What Globe gets wrong about customer services

Published August 4, 2021, 1:13 PM

by Professor Rom Feria

For the last two weeks, I was trying to get in touch with customer services of Globe and Smart, two of the three Philippine telecommunications providers (I’d get a DITO service, but for some strange reasons, they don’t support the iPhone). It is well known that these PH telecommunications companies face challenges at providing consumer customer services. It used to be that calling their hotline would put you on hold for a while, but these days you’d be lucky if you can even find a hotline to call.

When looking for customer support, the first thing most people do is to look at their website. With Globe, you get to access the Contact Us page and you will be presented with different ways to contact them — none of which is a phone number you can call. They use Facebook Messenger, Facebook or Twitter. Yes, they do have mobile applications, but if you don’t have a smartphone, then what would you do? For a telecommunications company not using voice calls is unheard of.

With Smart, you can find different ways to get in touch with them, and yes, they provide phone numbers that you can call. Calling their numbers work, I did it yesterday, but their system is on scheduled maintenance (for more than a month already) so there is no point interacting with them since they can’t log your concerns and can’t give you a ticket number. In addition, I found out that they prefer interacting on Facebook.

First and foremost, Facebook and Twitter are not customer support service providers. Globe — one of the biggest companies in the Philippines — assumes that all Filipinos, at least their subscribers, use Facebook and Twitter, which is not true. For a Globe subscriber to contact them, you are required to use Facebook and Twitter, which puts your privacy at risk. For instance, Globe’s Twitter account will ask you to Direct Message your subscriber information, e.g., full name, phone number, account number and address — these data are not encrypted. Now Twitter knows your personal data, in addition to the fact that you are a Globe subscriber.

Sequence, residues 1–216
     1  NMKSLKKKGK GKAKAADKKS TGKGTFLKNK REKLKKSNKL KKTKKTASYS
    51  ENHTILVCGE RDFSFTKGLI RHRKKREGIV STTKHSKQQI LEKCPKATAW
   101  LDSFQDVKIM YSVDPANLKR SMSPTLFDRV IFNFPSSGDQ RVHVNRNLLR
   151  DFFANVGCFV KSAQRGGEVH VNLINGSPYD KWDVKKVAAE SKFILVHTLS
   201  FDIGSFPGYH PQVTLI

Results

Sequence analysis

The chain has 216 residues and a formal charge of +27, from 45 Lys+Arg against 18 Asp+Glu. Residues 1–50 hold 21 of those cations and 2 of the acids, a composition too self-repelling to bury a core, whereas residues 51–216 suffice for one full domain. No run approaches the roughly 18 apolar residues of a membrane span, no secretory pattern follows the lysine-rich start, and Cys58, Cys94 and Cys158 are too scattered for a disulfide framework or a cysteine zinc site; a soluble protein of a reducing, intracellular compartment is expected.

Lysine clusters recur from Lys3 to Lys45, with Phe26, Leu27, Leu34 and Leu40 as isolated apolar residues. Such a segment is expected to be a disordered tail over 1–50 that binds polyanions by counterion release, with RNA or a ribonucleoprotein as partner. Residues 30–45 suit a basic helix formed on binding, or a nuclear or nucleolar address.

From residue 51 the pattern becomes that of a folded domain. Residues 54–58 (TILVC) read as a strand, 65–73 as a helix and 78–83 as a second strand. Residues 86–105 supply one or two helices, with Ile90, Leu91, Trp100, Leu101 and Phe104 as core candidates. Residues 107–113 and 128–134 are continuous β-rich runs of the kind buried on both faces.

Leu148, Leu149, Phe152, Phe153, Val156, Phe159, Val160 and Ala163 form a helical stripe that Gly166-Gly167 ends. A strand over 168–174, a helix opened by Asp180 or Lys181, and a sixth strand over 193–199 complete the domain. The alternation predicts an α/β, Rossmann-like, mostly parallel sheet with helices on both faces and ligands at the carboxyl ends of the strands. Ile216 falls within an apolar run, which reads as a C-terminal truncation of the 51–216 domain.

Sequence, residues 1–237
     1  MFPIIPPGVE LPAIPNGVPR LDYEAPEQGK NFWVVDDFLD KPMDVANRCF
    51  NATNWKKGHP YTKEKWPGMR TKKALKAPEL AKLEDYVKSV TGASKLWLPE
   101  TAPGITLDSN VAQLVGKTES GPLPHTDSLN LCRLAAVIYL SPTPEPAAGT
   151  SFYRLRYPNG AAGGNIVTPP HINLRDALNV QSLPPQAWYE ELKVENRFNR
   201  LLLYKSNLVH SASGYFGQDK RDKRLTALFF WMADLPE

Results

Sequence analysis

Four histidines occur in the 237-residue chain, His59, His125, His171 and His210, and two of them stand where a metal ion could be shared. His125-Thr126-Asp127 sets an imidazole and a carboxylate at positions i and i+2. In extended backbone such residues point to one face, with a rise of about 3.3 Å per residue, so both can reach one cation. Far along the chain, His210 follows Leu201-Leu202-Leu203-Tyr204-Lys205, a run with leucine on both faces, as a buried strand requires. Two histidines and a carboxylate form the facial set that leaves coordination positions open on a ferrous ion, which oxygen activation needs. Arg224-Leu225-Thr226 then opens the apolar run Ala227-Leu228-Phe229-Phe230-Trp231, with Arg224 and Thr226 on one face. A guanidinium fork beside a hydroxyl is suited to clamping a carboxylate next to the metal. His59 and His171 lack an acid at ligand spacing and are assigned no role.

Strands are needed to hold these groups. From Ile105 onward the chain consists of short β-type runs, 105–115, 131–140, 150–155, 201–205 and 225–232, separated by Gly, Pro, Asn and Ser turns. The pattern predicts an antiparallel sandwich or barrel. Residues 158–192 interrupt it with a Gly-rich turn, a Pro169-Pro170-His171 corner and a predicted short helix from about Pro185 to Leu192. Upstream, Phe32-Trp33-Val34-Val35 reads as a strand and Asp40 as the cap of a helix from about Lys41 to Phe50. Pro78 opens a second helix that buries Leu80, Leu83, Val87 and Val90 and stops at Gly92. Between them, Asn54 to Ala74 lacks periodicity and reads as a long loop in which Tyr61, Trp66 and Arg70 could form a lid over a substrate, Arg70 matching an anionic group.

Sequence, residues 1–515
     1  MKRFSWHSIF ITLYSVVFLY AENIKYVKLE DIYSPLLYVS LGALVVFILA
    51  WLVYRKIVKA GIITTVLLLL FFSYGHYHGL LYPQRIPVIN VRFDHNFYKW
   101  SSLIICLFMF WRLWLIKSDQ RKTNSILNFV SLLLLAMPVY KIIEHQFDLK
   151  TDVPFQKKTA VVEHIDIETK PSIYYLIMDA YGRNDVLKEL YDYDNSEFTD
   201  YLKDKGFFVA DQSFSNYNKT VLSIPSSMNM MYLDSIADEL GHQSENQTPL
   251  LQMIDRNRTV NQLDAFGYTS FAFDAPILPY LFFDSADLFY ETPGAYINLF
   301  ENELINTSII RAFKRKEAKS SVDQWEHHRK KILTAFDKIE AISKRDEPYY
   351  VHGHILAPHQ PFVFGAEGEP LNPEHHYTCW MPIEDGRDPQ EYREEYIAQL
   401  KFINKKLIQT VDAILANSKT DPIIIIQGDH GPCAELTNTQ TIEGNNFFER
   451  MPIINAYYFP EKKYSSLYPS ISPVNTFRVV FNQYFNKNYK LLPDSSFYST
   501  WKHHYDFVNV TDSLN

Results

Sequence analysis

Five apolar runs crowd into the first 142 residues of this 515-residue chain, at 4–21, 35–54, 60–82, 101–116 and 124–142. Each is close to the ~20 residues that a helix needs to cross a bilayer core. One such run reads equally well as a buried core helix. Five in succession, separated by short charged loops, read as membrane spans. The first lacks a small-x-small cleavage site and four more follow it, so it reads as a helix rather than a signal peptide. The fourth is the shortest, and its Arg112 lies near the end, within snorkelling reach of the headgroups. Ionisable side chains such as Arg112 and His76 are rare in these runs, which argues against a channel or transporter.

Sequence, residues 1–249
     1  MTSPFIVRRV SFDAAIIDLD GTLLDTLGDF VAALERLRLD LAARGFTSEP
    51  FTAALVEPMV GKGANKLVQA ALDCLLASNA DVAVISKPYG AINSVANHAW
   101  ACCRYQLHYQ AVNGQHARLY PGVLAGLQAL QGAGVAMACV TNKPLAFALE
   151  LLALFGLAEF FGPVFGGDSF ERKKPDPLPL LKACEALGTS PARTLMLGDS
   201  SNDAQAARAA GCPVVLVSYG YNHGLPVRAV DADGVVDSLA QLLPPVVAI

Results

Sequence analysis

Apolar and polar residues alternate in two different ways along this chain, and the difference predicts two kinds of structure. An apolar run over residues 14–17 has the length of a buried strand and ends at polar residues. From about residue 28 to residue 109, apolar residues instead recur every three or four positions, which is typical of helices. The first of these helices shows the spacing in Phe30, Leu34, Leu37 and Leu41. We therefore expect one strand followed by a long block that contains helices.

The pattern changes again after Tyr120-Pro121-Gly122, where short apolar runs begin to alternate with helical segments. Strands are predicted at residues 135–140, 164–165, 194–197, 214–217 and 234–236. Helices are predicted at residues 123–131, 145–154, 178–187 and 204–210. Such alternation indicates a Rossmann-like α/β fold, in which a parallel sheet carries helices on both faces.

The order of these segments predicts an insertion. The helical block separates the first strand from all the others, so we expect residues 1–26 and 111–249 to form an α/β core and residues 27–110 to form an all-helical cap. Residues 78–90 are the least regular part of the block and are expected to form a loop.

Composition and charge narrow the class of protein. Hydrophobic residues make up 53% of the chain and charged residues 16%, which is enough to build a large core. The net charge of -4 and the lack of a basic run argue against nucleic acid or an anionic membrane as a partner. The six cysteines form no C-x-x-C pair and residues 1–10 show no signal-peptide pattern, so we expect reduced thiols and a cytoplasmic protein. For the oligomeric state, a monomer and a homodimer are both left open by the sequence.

Similarly, on Facebook, Facebook gets this information (if it hasn’t yet), and earns from it. Facebook knows that you are a Globe subscriber, so DITO and Smart can target you with ads — this is the best case scenario, but it could be much worse, knowing Facebook! This is just so wrong!

Why do Philippine companies, even some government agencies, put the personal data of Filipinos at risk by requiring them to use Facebook? Filipinos need to realize that Facebook is not interested in helping them. Facebook’s only interest is earning off of Filipinos’ personal data, and will continue to do whatever it takes to collect more to make even more. Yes, Facebook and Twitter are great tools for marketing, but forcing people to use it is just wrong on so many levels. I wish that Globe will change their customer support services strategy. It is frustrating and continues to put data at risk.